Wednesday, November 21, 2012

Matsu Fall Migration

Matsu Fall Migration

September 20th to 25th I joined Taipei Wild Bird Society again for a 4-day trip to Matsu for fall migration (that’s birds coming from the north heading to warmer places further south).

Despite being a bit early for many birds (a week or more later may have been better) and encountering wet weather one day (NE front and distant typhoon) it was a very pleasant and rewarding trip in good company. Many thanks to the inspiring ‘Teacher Luan’ (阮錦松) and his team.

As with the Spring migration, and Summer Tern trips we took the overnight Taima Ferry from Keelung to Dongyin for the first day’s birding, Day 2 and 4 were on Nangan and Beigan, flying to Taipei from Beigan. Plans to land on Gaodeng Island on the Day 3 were canceled due to heavy seas.

Favorite spots:

The scruffy area near the distillery on Dongyin. Several lurking wonders will be found next time.

On Dongjhu (the eastern Jhuguang Island) the best birdy location was a mosquito-infested area behind another Chiang kai-shek statue. Suggested route: from harbor, walk up hill birding towards the village, instead of turning right into village continue up the hill, at the big letter wall (see picture) turn left. This area was busy with warblers, cuckoos and more. Don’t forget the recycling center!

Some excellent photos of birds taken on this trip can be seen on the Flickr page of David Irving.  

The Crew - Mr Luan in rear in red-checked shirt
next to, equally brilliant, Miss Su.

2013. The bird society have provisionally planned a spring migration trip for late May and fall migration late september. Both are recommended. Expect good organization, welcoming Taiwanese people, and excellent Matsu food. The main language will be Chinese, but expect to survive very well if depending on English. The focus is usually 90% on looking for birds and 10% on the many excellent historical/scenic sights along the way. Contact the Bird Society directly, or me if needing assistance booking. If available I may be able to co-lead - not confirmed yet.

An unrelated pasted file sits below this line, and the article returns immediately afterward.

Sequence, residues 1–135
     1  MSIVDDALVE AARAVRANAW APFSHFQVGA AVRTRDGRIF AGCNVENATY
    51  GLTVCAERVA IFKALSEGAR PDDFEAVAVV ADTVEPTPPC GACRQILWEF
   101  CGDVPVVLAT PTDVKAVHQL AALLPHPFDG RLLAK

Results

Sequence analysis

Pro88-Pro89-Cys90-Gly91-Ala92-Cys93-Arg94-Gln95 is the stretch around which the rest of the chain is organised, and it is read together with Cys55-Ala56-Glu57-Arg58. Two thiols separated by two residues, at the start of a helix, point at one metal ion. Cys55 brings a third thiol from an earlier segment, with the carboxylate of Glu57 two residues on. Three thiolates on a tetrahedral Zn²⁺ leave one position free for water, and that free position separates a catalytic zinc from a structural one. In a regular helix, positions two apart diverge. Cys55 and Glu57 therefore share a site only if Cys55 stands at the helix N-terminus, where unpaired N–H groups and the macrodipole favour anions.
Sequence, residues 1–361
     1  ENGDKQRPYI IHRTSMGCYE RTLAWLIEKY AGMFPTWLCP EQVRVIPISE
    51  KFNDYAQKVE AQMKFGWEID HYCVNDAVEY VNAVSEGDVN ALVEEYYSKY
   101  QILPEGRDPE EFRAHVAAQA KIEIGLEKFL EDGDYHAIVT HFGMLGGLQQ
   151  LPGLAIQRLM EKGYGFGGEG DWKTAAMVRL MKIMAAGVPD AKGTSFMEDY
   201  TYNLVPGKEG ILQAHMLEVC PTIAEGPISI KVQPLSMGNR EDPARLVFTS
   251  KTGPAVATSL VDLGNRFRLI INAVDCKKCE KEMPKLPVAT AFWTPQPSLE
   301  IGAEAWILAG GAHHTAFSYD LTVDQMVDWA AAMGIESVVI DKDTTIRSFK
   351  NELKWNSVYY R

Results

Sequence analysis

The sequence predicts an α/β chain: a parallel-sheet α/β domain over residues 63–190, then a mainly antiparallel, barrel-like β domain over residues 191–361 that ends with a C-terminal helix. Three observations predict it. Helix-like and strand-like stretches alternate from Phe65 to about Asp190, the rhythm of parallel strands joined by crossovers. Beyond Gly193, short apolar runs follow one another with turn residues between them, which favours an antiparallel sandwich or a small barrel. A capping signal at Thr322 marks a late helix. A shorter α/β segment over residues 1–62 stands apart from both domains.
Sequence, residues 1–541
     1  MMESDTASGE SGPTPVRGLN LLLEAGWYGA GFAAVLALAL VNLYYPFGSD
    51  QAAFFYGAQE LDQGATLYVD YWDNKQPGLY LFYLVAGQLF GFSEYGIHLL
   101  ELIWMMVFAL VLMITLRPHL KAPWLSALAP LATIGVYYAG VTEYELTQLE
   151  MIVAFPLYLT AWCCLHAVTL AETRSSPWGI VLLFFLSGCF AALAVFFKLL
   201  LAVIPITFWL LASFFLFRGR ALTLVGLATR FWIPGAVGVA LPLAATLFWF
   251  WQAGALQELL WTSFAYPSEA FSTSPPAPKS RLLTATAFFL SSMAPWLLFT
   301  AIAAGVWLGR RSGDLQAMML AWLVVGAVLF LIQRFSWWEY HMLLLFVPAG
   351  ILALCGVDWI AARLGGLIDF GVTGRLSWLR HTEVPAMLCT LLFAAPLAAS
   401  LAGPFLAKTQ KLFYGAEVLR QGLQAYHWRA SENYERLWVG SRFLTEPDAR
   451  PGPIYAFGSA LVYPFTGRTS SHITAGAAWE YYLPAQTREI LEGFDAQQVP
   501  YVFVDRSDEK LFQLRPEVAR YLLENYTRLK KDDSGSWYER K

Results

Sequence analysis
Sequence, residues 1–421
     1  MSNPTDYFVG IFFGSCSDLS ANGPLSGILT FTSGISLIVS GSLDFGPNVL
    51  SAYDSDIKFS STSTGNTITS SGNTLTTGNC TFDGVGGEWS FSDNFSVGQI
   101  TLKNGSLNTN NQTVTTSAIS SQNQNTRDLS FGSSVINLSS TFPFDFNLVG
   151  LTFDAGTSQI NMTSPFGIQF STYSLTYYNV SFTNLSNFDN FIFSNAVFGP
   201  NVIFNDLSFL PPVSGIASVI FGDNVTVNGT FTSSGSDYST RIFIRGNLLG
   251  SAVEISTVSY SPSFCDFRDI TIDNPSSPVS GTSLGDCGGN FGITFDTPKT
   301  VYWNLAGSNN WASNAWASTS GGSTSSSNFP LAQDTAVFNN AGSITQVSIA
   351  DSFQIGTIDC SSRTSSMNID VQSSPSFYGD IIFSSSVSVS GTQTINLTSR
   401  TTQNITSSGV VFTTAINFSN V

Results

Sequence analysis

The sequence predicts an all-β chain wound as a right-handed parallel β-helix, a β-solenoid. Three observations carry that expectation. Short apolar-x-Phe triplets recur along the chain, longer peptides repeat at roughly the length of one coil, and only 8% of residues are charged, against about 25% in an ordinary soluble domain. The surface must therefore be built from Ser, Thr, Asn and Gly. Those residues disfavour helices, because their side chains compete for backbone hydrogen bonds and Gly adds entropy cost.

Birds seen: Green-winged Teal, Little Grebe, Yellow Bittern, Grey Heron, Great Egret, Intermediate Egret, Little Egret, Pacific Reef-Heron, Cattle Egret, Chinese Pond-Heron, Striated Heron, Black-crowned Night-Heron, Chinese Goshawk, Japanese Sparrowhawk, Common Buzzard, Eurasian Kestrel, Eurasian Hobby, Peregrine Falcon, Common Moorhen, Pacific Golden Plover, Lesser Sand-Plover, Greater Sand-Plover, Kentish Plover, Little Ringed Plover, Black-winged Stilt, Common Sandpiper, Grey-tailed Tattler, Wood Sandpiper, Whimbrel, Red-necked Stint, Sharp-tailed Sandpiper, Dunlin, Common Snipe, Eurasian Woodcock, Black-tailed Gull, Black-naped Tern, Great-crested Tern, Spotted Dove, Red-collared Dove, Large Hawk-Cuckoo, Himalayan (Oriental) Cuckoo, Fork-tailed Swift, House Swift, Common Kingfisher, Dollarbird, Eurasian Hoopee, Bull-headed Shrike, Brown Shrike, Long-tailed Shrike, Black-naped Oriole, Black Drongo, Japanese Paradise-Flycatcher, Eurasian Magpie, Barn Swallow, Great Tit, Light-vented Bulbul, Dusky Warbler, Pallas’s Leaf-Warbler, Yellow-browed Leaf-Warbler, Arctic Warbler, Eastern-crowned Leaf-warbler, Oriental Reed-Warbler, Yellow-bellied Prinia, Plain Prinia, Dark-sided Flycatcher, Grey-streaked Flycatcher, Asian Brown Flycatcher, Oriental Magpie-Robin, Stonechat, Grey Bushchat, Blue Rock-Thrush, Blue Whistling Thrush, Scaly Thrush, Japanese White-eye, Crested Myna, Red-billed Starling, White-cheeked Starling, Yellow Wagtail (Eastern and Western), Grey Wagtail, White Wagtail, Richard’s Pipit, Pechora Pipit, Red-throated Pipit, Yellow-browed Bunting, Yellow-breasted Bunting, Black-faced Bunting, Eurasian Tree Sparrow,  

New Birds:
Great Bittern Botaurus stellaris
Lesser Cuckoo Cuculus poliocephalus
Black-winged Cuckoo-shrike Coracina melaschistos
Ashy Minivet Pericrocotus divaricatus
Ashy Drongo Dicrurus leucophaeus
Asian Paradise-Flycatcher Terpsiphone paradisi
Blue-and-white Flycatcher Cyanoptila cyanomelana

And two (weak) new species for the Taiwan (well Matsu anyway) list probably. Both ID-ed by Mr Luan. Look forward to seeing if accepted. I’m counting them as I saw the relevant field marks fairly well.
Hartert’s Warbler Phylloscopus reguloides goodsoni
Kloss’s Warbler Phylloscopus davisoni ogilviegranti